# How does QED explain reflection? [duplicate]

By reflection of photons from a mirror, the mirror must get an impulse of 2p=h/pi.l for every photon. This means that the mirror receives kinetic energy. But the photon has the energy it has before the refection. How does QED explain this? In "Photons and perfect mirror" the question is answered as a consequence of other explanation but I does not see the mechanism which leads to it. I try to clarify this as respond to the answers.

• Possible duplicate of: Photons and perfect mirror – John Rennie Apr 10 '16 at 18:41
• See also: Does a reflection still transfer momentum to an mirror?. The point is that unless the mirror has an infinite mass the photon does not have the same energy after the reflection as before it. The reflection process will redshift the photon, though in practice this redshift is undetectably small. – John Rennie Apr 10 '16 at 18:43
• Possible duplicates: physics.stackexchange.com/q/10301/2451 , physics.stackexchange.com/q/83105/2451 and links therein. – Qmechanic Apr 10 '16 at 19:47
• Also note that you can get the same basic result (radiation pressure) working entirely classically, from Maxwell's equations. You don't need quantum mechanics, much less QED. – knzhou Apr 10 '16 at 22:01
• @JohnRennie I still have problems with the answer. It is known that the electrons in metals are free. So if there is an elastic impact between an electron and a photon and the electron is free, why it is not a Compton scattering? Then there would be a noticeable redshift. – Mercury Apr 11 '16 at 22:08

## 1 Answer

QED uses Feynman diagrams and they are written in the center of mass. In the case of a photon hitting a mirror, it is hitting the field of electrons in the outer band of the mirroring substance. For reflection there should be elastic scattering in the center of mass so that the phases of the photons are kept and the image emerges intact on reflection. So it should be a QED feynman diagram of a photon scattering elastically off a field.

The kinematics are similar to a ball bouncing off a wall, i.e. elastically scattering. The assumption is that the mass of the wall is practically infinite and the center of mass with respect to the ball+wall, where the elastic scattering happens is at the same (x,y,z) as the center of mass of the wall itself.

For the photon and the collective electric field of the electrons it is scattering off, the center of mass and the laboratory frame are practically the same, as the photon has zero mass and low energy (optical photons). Even the mass of a single electron , (.5MeV, gamma ray energies are of this size) is large enough for the lab frame to be considered the same as the center of mass frame. The effect of the transformation to the lab on the energy of the photon will be very very small.

• I still have problems with the answer. It is known that the electrons in metals are free. So if there is an elastic impact between an electron and a photon and the electron is free, why it is not a Compton scattering? Then there would be a noticeable redshift. – Mercury Apr 11 '16 at 22:08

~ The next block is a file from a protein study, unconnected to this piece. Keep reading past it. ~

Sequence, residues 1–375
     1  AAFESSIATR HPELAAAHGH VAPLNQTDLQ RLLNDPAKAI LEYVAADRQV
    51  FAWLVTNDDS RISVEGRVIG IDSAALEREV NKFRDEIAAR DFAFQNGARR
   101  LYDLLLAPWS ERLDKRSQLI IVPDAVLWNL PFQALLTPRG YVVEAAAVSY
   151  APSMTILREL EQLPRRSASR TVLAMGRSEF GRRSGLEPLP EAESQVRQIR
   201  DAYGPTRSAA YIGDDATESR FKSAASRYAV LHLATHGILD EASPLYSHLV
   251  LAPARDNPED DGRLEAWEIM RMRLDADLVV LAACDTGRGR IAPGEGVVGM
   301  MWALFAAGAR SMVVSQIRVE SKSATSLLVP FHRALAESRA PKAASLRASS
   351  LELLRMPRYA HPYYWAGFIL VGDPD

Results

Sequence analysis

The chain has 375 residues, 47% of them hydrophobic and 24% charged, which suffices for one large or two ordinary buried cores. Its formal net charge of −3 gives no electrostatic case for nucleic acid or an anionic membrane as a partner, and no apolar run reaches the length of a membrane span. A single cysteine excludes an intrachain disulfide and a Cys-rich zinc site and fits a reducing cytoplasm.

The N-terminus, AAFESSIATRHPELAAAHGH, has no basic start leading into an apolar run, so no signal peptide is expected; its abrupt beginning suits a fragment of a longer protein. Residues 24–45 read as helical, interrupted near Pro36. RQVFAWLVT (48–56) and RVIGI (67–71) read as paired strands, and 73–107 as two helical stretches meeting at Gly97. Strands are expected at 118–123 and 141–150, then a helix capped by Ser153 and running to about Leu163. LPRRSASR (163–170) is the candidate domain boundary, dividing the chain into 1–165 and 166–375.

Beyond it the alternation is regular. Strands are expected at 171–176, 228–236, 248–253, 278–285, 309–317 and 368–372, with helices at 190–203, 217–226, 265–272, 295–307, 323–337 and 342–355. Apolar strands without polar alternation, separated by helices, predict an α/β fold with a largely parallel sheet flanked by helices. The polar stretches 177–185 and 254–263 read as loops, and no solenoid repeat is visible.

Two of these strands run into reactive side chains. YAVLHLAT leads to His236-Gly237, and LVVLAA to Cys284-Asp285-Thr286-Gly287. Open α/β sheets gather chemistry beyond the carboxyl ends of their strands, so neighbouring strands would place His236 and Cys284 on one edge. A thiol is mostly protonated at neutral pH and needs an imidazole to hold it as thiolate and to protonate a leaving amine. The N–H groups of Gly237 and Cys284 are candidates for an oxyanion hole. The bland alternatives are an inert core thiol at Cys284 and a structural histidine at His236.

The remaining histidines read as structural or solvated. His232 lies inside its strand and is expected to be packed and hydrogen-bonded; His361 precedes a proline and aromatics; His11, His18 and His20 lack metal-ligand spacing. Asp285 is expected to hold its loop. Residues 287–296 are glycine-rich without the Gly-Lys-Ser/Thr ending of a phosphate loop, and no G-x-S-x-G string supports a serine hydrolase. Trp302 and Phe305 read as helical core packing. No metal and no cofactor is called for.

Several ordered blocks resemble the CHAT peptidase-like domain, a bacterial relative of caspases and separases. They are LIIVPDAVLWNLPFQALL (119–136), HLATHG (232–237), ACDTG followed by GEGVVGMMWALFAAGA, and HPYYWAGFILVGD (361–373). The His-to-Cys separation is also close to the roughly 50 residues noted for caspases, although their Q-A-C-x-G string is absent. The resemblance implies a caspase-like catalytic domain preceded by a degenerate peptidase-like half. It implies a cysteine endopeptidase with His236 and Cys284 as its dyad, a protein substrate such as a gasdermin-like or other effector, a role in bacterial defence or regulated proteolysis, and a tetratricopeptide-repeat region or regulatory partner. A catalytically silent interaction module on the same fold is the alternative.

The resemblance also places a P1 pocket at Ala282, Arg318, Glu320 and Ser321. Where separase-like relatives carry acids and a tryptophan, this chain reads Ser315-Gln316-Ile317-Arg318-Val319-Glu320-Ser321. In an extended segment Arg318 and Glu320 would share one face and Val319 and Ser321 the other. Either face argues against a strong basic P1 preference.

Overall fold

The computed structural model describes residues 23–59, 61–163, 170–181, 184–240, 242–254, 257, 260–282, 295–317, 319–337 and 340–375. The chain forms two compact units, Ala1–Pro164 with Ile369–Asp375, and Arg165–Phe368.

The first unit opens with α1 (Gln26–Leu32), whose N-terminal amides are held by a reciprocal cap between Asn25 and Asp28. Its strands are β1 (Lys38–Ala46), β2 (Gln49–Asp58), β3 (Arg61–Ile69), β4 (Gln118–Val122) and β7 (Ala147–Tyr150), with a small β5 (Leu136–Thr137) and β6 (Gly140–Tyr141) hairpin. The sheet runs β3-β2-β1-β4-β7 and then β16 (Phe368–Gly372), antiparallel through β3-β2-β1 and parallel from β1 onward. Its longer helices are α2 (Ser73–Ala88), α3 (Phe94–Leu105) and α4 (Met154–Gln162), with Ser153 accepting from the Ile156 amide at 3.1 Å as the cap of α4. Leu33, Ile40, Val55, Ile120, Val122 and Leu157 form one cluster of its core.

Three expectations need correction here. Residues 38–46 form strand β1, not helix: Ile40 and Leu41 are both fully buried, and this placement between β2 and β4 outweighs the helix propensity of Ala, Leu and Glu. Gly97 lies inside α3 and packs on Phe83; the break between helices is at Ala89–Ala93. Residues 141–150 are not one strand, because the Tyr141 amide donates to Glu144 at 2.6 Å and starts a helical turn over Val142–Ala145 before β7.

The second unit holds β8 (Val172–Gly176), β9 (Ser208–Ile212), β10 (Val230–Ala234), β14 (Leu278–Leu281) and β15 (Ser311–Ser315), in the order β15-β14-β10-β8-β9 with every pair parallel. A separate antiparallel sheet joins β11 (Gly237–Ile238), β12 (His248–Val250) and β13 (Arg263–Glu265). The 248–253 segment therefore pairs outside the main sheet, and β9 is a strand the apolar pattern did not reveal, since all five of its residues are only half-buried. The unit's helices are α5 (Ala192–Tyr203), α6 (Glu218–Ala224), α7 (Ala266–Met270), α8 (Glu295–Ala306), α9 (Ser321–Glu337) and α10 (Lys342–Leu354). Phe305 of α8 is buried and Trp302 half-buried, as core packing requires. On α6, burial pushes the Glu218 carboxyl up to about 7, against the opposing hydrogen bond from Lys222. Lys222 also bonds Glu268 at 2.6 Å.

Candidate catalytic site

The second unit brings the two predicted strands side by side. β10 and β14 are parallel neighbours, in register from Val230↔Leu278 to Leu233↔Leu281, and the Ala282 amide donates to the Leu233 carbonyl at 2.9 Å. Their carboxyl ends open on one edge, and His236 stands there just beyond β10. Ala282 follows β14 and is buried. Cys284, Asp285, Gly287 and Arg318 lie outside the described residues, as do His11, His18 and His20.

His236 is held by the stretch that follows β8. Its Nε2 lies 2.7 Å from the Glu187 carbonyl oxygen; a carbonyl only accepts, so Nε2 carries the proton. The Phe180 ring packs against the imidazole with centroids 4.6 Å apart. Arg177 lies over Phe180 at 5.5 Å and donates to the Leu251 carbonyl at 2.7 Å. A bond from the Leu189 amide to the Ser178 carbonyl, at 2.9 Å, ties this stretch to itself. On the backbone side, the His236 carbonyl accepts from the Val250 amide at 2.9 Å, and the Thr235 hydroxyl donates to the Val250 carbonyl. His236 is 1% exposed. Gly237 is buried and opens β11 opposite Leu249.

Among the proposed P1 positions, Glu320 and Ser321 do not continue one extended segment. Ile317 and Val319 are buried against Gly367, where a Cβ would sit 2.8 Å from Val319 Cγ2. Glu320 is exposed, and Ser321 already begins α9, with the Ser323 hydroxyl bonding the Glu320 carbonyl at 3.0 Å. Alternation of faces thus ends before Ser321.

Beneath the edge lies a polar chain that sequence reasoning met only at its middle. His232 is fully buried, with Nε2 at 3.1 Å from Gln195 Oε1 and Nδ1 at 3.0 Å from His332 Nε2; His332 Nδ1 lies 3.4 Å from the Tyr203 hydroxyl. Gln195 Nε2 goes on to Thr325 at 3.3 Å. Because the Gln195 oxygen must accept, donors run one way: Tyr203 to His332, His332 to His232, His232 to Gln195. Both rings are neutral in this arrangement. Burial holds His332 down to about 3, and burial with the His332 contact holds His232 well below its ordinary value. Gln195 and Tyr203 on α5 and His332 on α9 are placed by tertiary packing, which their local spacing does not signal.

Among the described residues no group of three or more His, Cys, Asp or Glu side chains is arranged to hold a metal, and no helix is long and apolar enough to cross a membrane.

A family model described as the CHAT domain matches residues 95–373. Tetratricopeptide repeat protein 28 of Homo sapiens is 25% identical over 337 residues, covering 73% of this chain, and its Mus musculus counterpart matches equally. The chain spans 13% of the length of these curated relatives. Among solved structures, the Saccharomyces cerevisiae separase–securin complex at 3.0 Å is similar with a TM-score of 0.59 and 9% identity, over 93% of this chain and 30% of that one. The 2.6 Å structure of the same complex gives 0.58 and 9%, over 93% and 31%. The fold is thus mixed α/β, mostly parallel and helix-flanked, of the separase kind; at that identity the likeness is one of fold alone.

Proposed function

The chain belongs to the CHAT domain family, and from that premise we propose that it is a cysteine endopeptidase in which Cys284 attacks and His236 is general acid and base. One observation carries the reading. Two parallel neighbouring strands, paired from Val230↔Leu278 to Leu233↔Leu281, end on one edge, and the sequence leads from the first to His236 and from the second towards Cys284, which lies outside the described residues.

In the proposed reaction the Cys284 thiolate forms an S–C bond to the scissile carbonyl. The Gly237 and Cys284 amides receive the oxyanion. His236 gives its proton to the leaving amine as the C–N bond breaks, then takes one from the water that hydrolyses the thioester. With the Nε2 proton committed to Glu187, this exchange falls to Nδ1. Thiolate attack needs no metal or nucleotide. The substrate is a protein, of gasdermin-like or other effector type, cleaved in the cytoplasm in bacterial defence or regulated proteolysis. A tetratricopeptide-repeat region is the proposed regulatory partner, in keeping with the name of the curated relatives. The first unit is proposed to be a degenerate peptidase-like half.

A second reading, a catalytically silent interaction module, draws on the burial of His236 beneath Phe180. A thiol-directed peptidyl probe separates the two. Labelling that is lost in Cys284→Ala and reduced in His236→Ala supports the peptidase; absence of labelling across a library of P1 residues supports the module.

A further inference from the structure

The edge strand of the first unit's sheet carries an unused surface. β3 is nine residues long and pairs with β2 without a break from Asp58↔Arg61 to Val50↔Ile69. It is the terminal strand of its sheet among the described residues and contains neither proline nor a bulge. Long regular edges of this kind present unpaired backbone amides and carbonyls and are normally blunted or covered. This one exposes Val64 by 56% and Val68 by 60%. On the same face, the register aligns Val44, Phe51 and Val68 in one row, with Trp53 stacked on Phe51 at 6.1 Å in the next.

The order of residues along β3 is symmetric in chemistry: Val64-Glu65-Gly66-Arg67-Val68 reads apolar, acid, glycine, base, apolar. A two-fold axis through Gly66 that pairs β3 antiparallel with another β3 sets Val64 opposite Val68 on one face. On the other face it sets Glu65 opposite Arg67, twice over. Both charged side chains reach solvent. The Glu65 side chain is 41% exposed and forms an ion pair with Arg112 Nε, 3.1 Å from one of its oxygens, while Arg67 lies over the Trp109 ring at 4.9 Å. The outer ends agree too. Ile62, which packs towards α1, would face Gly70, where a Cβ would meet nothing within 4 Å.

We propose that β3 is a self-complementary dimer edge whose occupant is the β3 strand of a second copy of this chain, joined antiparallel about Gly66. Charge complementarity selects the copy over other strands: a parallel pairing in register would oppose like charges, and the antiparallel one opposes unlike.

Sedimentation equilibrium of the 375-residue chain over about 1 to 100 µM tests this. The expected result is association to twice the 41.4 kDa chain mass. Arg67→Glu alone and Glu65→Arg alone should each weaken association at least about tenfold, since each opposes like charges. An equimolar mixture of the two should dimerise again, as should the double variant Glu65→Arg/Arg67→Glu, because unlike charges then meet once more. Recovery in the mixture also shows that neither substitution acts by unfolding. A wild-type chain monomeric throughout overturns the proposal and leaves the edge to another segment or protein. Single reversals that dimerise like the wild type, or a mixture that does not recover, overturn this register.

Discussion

• As John said in the comments and as I say in the answer there is no noticeable redshift because the energy transferred is very small, due to the large "inertia" (in the analogue of ball scattering on wall). Even one electron will pick up a very small part of the photon's energy because of the energy difference ( E=mc^2) for the electron at rest, 500.000eV and the photon at most some hundred eV. And hitting a reflective surface, means hitting a lattice where the electrons are in bands ( not free) and the lattice will react collectively with much larger "inertia". – anna v Apr 12 '16 at 4:31
• If there is a free electron never mind the great difference in E and m there is a very much noticeable redshift (Compton scattering). If the there is some sort of lattice reaction then it seems curious why they say that the elctrons form a free electron gas. However I am more interested do you think there is also a redshift when a photon of helicity 1 passes a birefringent plate and change the helicity to -1. (or vice versa) – Mercury Apr 12 '16 at 11:47
• compton: look at the formula here: en.wikipedia.org/wiki/Compton_scattering . The difference in wavelengths is inversely proportional to the mass of the electron. The "free" is a handwave explanation for the conduction band hyperphysics.phy-astr.gsu.edu/hbase/solids/band.html . For birefringent in general if there exists an interaction it is possible, but I do not know details. – anna v Apr 12 '16 at 13:15
• By reversal of the helicity of a photon the birefringent plate receives an angular momentum of 2h (Beth 1936) which has to show in a redshift of the photon wavelength (by the same logic as in reflection). But as far as know there is no such redshift observed. Maybe someone can shed some light on it? I think a redshift will be more observable then as in reflection? – Mercury Apr 12 '16 at 14:03